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New Year, who me?

With the new year now upon us and the beginning of what many view as a fresh start and opportunity to strive towards their goals, for some this annual calendar change can bring feelings of regret, represent failure and provoke many other negative emotions.


We often hear people say ‘new year, new me’. I have titled this article ‘New year, who me?’ as I believe many of us may sometimes be inclined to disregard advice or guidance given for change and goal setting and think ‘yeah those are good tips but I wouldn’t be able to do that because ________________________’

and you can fill in the blank.


How often do we deny ourselves the ability to move forward because we answer with statements such as the one where I’ve just asked you to fill in the blank? Is that statement true? Is there an alternative possibility?


New year, new me! Who, ME?!


Yes you. This article is for YOU, for ME, for ANYBODY willing and wanting to create change within their life from big things to small. Whatever it is - change is possible, BUT it does require action. Read on to discover practical tips and advice on how to establish your goals and strive towards them effectively.


4 Tips for Goal Setting


  1. S.M.A.R.T Goals When working with clients I like to use this method to aid myself and my clients in establishing their goals and I think it is a good starting point. This acronym requires us to S - be specific, clear and concise on what the goal is. M - measurable - how will we measure and track goal progress? A - achievable - is the goal achievable? Goals can be challenging but we want to make sure the goal is currently achievable. R - relevant - set goals that are relevant to your overall life plan. For the R section I also like to follow on from the last section ‘achievable’ in asking a client, is this goal realistic?, this is good to establish and avoid disappointment if the goal isn’t achieved. T - timeframe - attach a structured plan and finish time/date for the goal and when we want to see goal completion.

  2. Our goals should have importance to us Often, we can let what others are doing and striving towards have an impact on us to the point of making us want similar things that we see they have. However, while in some cases this may be harmless, it is important that the things you are striving towards are important to YOU and not just because you want to ‘fit in’. Establishing why your goal is important to you and what it would mean for you to achieve it or not achieve it can also be very helpful in establishing your goal oriented road map.

  3. Our goals should be in line with our core values The term ‘self concordant’ is one used by psychologists in describing goals that pertain the ability to satisfy our core values. Studies show that people are more likely to achieve self concordant goals based around their core values as opposed to those who chase after goals based around wealth and status. As part of therapy with clients I always spend a session or two establishing and defining what their core values personal to them are. If this is something you would like help with, please get in touch.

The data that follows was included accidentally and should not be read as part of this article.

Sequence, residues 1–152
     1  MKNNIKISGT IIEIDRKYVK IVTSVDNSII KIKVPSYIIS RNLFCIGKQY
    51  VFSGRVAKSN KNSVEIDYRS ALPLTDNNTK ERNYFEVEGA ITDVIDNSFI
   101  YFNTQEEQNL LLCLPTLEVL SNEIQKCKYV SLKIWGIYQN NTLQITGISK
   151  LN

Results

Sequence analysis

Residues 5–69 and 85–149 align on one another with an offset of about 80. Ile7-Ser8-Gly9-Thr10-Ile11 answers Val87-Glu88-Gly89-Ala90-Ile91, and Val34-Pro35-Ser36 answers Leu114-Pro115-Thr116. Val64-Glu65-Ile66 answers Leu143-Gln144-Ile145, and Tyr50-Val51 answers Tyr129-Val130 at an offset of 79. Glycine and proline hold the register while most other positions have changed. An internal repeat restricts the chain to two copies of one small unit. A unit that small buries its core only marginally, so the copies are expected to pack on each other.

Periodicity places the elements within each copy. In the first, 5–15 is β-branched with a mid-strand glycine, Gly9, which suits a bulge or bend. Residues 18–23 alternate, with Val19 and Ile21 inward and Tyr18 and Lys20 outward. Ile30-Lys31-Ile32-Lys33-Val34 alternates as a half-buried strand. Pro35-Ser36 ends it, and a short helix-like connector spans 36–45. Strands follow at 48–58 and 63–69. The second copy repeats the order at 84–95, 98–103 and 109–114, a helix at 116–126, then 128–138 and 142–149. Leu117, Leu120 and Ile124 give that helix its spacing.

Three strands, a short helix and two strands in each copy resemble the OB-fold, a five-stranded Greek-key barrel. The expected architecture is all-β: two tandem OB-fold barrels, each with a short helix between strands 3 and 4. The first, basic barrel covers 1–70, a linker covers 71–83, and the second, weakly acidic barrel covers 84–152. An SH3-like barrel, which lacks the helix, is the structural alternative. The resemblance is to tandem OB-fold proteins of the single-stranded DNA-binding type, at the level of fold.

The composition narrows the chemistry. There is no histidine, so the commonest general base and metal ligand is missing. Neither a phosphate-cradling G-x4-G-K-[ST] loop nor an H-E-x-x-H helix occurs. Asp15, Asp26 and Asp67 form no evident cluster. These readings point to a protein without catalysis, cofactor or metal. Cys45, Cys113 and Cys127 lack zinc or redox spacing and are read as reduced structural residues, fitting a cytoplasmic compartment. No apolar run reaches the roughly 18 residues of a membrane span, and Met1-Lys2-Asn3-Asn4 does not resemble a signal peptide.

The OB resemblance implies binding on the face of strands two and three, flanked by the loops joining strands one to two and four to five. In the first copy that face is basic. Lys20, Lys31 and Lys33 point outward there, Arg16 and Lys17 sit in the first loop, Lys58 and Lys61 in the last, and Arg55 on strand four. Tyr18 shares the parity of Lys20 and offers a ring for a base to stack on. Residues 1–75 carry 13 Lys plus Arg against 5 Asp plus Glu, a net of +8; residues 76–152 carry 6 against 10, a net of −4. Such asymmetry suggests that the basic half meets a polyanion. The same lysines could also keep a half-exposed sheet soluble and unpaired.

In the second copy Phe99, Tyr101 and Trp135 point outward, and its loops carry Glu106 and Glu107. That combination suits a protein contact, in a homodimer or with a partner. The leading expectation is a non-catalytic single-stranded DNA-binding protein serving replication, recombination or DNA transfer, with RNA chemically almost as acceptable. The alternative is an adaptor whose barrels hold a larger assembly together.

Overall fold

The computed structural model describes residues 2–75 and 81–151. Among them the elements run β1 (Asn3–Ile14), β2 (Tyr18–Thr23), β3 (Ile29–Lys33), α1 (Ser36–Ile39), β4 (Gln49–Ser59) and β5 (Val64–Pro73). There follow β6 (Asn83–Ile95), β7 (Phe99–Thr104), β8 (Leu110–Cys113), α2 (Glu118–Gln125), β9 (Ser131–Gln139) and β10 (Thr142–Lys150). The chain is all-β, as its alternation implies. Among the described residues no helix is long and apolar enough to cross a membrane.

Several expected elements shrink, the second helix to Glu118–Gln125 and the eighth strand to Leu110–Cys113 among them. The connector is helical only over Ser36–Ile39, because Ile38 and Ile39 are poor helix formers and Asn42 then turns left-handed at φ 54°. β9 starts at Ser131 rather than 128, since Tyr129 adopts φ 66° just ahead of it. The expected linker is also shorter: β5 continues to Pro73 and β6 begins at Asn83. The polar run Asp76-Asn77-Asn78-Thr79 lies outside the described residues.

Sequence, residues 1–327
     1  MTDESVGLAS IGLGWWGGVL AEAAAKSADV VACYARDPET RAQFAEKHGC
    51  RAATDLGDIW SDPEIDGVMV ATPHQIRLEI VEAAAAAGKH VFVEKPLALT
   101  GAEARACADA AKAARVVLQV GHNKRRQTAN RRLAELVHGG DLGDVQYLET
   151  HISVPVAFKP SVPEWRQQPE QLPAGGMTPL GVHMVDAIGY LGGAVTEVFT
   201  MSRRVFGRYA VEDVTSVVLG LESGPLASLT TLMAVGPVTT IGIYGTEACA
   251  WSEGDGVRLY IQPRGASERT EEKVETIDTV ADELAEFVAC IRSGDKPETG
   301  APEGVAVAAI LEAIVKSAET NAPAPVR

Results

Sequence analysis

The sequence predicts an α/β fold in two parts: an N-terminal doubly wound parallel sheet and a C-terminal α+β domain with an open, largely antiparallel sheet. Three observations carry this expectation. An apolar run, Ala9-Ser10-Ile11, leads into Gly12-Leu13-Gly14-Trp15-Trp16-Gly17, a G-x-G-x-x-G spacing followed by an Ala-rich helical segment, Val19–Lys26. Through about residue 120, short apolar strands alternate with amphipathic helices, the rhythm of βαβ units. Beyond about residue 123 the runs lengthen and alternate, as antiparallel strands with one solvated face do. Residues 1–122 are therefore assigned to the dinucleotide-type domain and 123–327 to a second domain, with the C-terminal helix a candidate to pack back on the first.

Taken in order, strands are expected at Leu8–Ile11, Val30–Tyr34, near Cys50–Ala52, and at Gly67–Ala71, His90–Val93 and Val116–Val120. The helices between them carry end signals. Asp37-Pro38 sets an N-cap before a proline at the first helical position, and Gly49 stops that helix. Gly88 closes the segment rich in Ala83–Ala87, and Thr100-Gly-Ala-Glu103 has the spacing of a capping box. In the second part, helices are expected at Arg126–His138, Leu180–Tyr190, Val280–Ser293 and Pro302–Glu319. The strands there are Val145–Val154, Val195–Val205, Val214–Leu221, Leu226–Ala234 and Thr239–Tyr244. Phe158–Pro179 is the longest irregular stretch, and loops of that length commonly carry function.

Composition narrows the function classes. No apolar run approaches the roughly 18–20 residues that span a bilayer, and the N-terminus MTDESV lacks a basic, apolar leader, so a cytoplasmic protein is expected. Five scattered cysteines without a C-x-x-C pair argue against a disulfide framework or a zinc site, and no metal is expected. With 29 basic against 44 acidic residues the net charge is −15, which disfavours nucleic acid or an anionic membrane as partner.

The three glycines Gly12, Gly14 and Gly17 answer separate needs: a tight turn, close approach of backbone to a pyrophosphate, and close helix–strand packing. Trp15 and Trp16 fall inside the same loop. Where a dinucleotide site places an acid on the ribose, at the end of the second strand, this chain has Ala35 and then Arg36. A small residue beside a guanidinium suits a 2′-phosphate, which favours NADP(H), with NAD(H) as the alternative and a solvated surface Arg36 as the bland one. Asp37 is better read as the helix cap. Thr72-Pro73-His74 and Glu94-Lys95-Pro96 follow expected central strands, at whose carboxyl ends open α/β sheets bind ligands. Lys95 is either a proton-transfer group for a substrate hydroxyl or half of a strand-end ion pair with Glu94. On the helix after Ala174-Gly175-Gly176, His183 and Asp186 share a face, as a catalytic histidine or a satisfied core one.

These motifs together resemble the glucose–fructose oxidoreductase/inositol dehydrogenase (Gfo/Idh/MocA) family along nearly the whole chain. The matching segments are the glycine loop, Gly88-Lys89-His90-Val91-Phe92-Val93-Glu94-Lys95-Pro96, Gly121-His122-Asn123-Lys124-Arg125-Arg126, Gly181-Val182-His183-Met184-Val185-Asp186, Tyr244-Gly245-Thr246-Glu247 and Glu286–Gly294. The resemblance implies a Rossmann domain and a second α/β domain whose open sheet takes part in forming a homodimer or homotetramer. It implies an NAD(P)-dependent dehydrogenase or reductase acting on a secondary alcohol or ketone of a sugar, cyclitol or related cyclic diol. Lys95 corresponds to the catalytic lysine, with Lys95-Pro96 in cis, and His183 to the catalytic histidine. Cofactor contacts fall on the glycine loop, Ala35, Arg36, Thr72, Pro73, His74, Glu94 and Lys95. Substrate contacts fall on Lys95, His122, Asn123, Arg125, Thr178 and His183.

4. The goal should be viewed as a challenge and not a THREAT It is ok for your goal to seem a little daunting, I mean, to be fair - what challenge isn’t... challenging? However - when we view our goals through a lens of seeing them as a threat, this will usually lead to avoidance, which ultimately will lead you to feeling like you have failed. The good news is, the above is a perception which can be changed. Often, anxiety skews our perception and makes us more inclined to see the negative as opposed to the positive. When working with clients using CBT, I often suggest trying to find alternatives and attempting to see the goal for what it is as opposed to through an anxious eye. Recognising you feel threatened is important, but ask yourself these questions: can we reframe this to be viewed more as a challenge than a threat? Why do you view it as a threat? Is it actually a threat and pose real danger? Could this be anything other than a threat? Here is an example of the difference between a threat and a challenge Threat: I need to study way more or else I’ll fail the whole semester if I don’t. Challenge: I need to create a new study routine for myself so I can become the type of student I want to be and pass this semester.


If you find goal setting and commitment to your goals difficult, rest assured you are not alone in feeling this way. I do hope that this article has given you an opportunity to reflect on the possibilities for this coming year 2021.


Understandably, our world looks quite different to what we would ideally like it to be, however - despite this, goal success and good mental health is still possible. If you would like professional help with goal setting or any other personal or mental health related area, please feel free to get in touch by email on info@evolvementalhealth.ie or using our contact us section on our website,


I would like to take this opportunity to wish you and yours a peaceful and Happy New Year 2021 from myself and Evolve Mental Health. God bless.




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